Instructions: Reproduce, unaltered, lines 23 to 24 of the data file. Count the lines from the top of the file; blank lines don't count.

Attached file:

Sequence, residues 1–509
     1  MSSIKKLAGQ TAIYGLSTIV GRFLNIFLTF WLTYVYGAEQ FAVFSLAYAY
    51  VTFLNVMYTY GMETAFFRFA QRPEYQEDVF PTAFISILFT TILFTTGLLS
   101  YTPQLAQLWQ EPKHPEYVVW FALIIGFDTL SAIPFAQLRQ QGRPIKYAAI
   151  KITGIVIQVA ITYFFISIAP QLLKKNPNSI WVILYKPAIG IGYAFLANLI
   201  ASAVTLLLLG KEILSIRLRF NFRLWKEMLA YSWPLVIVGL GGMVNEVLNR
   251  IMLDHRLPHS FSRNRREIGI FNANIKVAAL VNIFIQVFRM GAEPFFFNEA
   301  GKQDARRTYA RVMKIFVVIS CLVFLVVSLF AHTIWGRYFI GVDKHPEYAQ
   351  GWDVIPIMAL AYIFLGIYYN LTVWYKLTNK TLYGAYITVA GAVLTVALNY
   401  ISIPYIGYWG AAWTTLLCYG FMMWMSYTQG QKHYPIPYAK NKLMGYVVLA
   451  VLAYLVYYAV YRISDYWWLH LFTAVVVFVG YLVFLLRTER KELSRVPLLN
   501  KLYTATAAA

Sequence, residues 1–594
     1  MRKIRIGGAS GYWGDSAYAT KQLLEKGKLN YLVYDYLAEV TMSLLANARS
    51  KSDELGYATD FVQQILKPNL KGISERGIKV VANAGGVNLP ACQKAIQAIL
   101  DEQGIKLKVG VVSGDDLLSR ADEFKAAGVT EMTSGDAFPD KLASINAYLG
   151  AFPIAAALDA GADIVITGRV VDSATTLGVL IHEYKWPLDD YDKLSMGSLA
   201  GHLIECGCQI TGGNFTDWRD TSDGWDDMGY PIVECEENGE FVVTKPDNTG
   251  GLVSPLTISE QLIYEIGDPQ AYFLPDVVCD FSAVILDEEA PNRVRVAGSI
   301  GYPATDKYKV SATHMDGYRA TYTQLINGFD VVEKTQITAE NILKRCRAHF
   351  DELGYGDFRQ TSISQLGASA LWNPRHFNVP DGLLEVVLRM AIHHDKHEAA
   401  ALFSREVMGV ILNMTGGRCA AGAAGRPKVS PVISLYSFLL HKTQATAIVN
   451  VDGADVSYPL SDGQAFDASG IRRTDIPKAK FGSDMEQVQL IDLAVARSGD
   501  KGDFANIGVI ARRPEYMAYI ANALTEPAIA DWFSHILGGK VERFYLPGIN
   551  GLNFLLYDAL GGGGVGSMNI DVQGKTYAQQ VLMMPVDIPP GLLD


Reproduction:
   451  VDGADVSYPL SDGQAFDASG IRRTDIPKAK FGSDMEQVQL IDLAVARSGD
   501  KGDFANIGVI ARRPEYMAYI ANALTEPAIA DWFSHILGGK VERFYLPGIN